When I was at primary school I started to notice that girls were much prettier than boys. I even had a few crushes, but I didn’t make it to the Wendy House for my first kiss until intermediate. Crushes prepared me for the more serious stuff later in life.
My college years began and I started having girlfriends – never at the same time! – but the relationships didn’t last long. Breaking up was never easy for me; nothing is simple when feelings are involved. Tom Cruise summed it up perfectly in Cocktail: ‘Everything ends badly otherwise it wouldn’t end’.
My crushes became more intense. If I was feeling confident I could talk to the girls I liked – make them laugh. If I was insecure, then my mouth dried up and my tongue felt like it had been anaesthetised, tripping over my words.
My first true love entered my life two years out of high school. When we parted ways, I grew disillusioned about almost everything. Love is meant to last forever, right?
After nursing a broken heart (bring out the violins please) for a few years, I met my next girlfriend. She made it possible for me to move on. But time and circumstance prevented this relationship from enduring. Perhaps I was still carrying scars.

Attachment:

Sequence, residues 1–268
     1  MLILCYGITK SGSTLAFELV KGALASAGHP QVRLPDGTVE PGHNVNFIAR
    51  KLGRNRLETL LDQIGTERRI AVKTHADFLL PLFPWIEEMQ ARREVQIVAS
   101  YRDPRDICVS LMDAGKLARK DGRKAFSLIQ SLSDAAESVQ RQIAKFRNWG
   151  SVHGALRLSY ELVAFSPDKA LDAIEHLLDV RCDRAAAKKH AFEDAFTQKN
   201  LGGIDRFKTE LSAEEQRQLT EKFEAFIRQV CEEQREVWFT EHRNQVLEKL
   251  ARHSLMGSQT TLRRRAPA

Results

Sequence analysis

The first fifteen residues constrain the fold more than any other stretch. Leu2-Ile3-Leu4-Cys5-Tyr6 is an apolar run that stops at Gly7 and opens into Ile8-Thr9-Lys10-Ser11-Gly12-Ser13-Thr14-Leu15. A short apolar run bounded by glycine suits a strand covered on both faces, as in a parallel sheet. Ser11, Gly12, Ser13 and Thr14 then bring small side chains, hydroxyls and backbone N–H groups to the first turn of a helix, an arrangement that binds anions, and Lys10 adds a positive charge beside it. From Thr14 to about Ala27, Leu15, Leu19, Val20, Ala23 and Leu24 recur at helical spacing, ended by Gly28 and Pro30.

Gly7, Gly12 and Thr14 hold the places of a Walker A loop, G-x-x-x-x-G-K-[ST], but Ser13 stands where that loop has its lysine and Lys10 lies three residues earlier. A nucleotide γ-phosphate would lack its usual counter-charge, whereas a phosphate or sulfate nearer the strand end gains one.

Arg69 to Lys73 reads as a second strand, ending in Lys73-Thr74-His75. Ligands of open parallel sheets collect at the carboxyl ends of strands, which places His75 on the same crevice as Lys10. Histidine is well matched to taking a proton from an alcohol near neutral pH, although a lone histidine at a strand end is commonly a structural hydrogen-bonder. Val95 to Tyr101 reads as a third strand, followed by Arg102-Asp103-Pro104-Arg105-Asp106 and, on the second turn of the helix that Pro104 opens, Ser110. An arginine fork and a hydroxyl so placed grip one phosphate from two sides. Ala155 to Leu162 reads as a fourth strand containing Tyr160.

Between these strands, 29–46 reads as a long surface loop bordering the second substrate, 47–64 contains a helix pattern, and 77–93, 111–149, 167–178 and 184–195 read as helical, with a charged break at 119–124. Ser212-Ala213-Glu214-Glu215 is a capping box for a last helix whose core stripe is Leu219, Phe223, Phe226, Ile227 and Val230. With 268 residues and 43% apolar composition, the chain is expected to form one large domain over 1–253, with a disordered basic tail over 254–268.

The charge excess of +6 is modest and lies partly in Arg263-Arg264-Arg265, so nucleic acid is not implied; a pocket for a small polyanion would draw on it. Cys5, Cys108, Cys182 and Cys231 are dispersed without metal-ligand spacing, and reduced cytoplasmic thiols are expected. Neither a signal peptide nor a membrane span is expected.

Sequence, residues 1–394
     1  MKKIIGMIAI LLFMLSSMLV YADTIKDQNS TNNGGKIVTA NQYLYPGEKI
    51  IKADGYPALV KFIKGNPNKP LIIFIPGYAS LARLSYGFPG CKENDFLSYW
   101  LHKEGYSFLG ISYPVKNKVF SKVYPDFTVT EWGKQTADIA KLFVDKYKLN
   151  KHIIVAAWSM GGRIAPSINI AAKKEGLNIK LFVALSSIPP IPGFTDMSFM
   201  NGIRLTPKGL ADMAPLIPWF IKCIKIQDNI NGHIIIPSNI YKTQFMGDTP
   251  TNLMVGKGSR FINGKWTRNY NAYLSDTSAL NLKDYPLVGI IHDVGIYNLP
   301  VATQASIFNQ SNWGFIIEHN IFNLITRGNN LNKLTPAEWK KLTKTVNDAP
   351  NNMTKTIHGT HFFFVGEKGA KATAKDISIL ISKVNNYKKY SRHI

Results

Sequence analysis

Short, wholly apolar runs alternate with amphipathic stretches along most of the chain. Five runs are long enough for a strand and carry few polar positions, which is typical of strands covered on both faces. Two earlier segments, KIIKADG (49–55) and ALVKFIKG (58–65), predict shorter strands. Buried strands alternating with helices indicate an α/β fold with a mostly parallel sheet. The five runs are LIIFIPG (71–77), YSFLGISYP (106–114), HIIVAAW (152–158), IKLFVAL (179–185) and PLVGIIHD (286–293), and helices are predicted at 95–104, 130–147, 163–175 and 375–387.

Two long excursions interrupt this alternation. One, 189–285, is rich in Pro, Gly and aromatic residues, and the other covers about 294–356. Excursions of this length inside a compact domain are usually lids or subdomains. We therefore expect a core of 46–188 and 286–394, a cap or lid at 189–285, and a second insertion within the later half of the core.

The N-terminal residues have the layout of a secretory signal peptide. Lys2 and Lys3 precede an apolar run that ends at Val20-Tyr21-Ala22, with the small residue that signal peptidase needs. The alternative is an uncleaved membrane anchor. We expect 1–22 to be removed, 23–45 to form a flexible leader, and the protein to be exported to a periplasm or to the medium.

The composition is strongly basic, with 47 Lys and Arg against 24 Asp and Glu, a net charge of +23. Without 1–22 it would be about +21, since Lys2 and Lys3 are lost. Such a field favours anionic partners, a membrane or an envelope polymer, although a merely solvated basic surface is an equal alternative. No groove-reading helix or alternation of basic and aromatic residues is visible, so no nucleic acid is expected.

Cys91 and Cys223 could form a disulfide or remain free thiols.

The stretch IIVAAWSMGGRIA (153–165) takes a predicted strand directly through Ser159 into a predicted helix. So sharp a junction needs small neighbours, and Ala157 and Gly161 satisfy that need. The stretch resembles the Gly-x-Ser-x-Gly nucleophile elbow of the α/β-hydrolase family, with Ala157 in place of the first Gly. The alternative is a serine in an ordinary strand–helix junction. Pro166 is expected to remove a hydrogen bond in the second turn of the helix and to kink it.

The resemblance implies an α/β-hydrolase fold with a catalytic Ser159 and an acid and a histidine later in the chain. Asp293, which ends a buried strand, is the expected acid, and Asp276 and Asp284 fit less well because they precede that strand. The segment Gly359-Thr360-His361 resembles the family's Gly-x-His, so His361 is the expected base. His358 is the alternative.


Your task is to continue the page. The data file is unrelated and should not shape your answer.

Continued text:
My partner today – she’s proof that lightning can strike twice. She’s smart and beautiful and I love her. When we first met, she thought I was a ning-nong. It took me a long time to convince her I was a likeable ning-nong.
I’m no expert on relationships. Being yourself seems logical, otherwise you’ll be found out soon enough. But I’ve learned a few things along the way.
If a relationship ends and you still want to be in it, then don’t pester your ex. Hold your head up high, be prepared to accept ‘no’, and be patient. If it’s meant to be, it’ll happen.
While I believe in fairytales, I also think if Cinderella broke up with Prince Charming, she’d eventually find another match. That’s not to say childhood sweethearts can’t grow old and die together, hands held in The Notebook perfection. But you can mend a broken heart, and you can love again. I did.
Acting Agony Aunt
Jonathan K Benton
Postscript: what does this blog have to do with writing? At the heart of almost every novel there’s a love story. It doesn’t have to involve love in the romantic sense of the word either. Writing, itself, is a labour of love.